The Top 5 Reasons to ExerciseAugust 15, 2012
You know that exercise is important and has several health benefits. However, there are hidden benefits of exercise that you may not be aware of. Here are the top 5 reasons to exercise:
Reason #1: To Reduce Pain I
ndividualized, regular exercise (the kind prescribed by your physical therapist) is a great way to reduce pain. For example, strengthening your core can decrease persistent low back pain and protect against future injury. It’s amazing how many people who seem resigned to a life of chronic pain start to find relief after starting an exercise program provided by one of our experienced physical therapists. If you are not sure where to begin, we will be happy to assist you in the creation of a safe, effective exercise plan.
Reason #2: To Increase Muscle Tissue
Increased strength allows you to complete your day to day tasks with ease. Imagine if simple things like walking, going up the stairs, picking up groceries, or playing with your children became easier and more enjoyable. What would that do for you? A well-designed, progressive exercise plan helps tone your muscles.
Reason #3: To Drop Pounds of Fat
The best benefit of exercise is fat loss. It is no secret that a combination of exercise and a balanced meal plan is the best known way to lose fat. Here’s what fat loss can do for you:
- Your clothes fit better
- People around you begin to compliment you on your new appearance
- When you look in the mirror, you look several years younger
- Your energy levels soar
- You feel great!
Reason #4: To Control Blood Sugar
Regular exercise helps stabilize blood sugar levels. If you or someone you know has type 2 diabetes (or is at risk for type 2 diabetes) exercise will help your body to better utilize sugar since exercise positively impacts insulin sensitivity. A combination of weight loss and improved blood glucose control has several health benefits. You should consult your doctor before you begin any exercise with the intention to control your blood sugar.
Reason #5: To Lower Blood Pressure and Cholesterol Levels
Exercise helps your heart in 2 ways:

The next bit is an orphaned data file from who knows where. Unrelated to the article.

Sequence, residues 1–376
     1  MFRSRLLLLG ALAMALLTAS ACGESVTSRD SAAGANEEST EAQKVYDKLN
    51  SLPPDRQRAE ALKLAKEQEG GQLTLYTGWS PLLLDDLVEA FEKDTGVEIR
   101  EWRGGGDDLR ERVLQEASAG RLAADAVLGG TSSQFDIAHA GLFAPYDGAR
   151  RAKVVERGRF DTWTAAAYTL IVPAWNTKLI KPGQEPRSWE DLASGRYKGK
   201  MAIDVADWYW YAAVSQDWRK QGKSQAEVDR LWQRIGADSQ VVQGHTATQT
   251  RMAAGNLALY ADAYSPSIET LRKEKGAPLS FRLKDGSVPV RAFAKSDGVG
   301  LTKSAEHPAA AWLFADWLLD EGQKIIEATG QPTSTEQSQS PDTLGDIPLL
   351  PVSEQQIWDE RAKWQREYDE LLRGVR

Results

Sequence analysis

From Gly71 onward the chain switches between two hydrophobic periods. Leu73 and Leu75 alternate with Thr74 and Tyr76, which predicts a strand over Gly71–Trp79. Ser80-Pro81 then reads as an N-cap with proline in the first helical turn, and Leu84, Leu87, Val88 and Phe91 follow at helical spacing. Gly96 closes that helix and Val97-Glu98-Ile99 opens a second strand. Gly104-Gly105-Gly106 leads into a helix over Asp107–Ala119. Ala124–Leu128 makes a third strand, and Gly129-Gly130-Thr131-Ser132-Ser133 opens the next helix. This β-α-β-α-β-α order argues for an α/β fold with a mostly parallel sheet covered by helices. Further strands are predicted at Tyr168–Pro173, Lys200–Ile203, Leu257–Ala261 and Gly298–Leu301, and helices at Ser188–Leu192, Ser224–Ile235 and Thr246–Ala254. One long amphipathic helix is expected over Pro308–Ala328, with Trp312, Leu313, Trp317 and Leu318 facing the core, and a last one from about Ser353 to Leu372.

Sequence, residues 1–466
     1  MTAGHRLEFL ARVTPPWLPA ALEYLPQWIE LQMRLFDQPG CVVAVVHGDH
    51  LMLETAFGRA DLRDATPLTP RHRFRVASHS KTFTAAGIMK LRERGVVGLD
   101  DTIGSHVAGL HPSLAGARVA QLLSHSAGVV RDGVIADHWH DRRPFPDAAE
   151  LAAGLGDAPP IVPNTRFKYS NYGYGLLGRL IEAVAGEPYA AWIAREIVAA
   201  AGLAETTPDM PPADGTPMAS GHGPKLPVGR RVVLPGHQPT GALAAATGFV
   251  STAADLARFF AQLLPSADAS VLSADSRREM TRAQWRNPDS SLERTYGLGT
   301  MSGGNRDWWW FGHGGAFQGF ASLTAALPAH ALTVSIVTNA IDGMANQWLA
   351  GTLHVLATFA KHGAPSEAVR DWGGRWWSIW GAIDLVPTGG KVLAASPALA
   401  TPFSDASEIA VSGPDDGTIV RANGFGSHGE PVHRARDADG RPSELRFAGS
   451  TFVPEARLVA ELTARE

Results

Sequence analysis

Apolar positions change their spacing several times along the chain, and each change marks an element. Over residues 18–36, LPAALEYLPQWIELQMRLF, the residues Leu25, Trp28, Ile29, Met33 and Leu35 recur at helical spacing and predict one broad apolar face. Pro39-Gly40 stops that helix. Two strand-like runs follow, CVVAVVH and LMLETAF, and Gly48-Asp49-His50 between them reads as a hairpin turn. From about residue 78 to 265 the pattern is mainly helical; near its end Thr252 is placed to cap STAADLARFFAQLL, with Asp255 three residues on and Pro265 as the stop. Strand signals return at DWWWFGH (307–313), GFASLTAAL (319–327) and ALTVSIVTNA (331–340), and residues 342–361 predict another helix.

- Weak heart muscles pump a relatively small amount of blood with each beat. Essentially, your heart is putting in a lot of effort with every beat. By exercising, you strengthen your heart muscles so they pump more blood with less effort; this decreases the pressure on your arteries.
- Exercise increases HDL (the “good” cholesterol) levels in some people. This decreases your risk for heart disease. Other heart disease risk factors such as weight, diabetes, and high blood pressure also improve with regular exercise. You may want to speak with your doctor about your salt intake as well.
Exercise Boosts Your Energy Levels
The quickest, easiest way to guarantee that you’ll meet your health goals is to work with one of our highly qualified therapists. You will be provided with an exercise plan that best suits your needs and preferences. You will receive personal attention and will be shown techniques and strategies that will help you return to doing things with greater ease. Call or email our office today to get started on a program that will give your health a “jump start” in the right direction.
Your Primary Motivation
Your primary motivation to exercise is unique to you. Perhaps your goal is to be able to play with your kids again, decrease the risk of falls, be able to lift things without difficulty, sit through a movie with your family / friends without pain, or return to playing sports. Identify your primary motivation, write it on a sticky note and place it on your refrigerator. Use pictures of family or any other image that creates a positive association with your health goals. Share your goals with family and friends, which makes you accountable to them. Being reminded constantly of your primary motivation will help you achieve your goals faster. Pick up the phone and schedule an appointment with us today if you are looking for expert supervision and accountability. Give us a chance to help you get started with exercise.Tags: exercise
Categorised in: Exercise
This post was written by Andrew Clary MS MPT ATC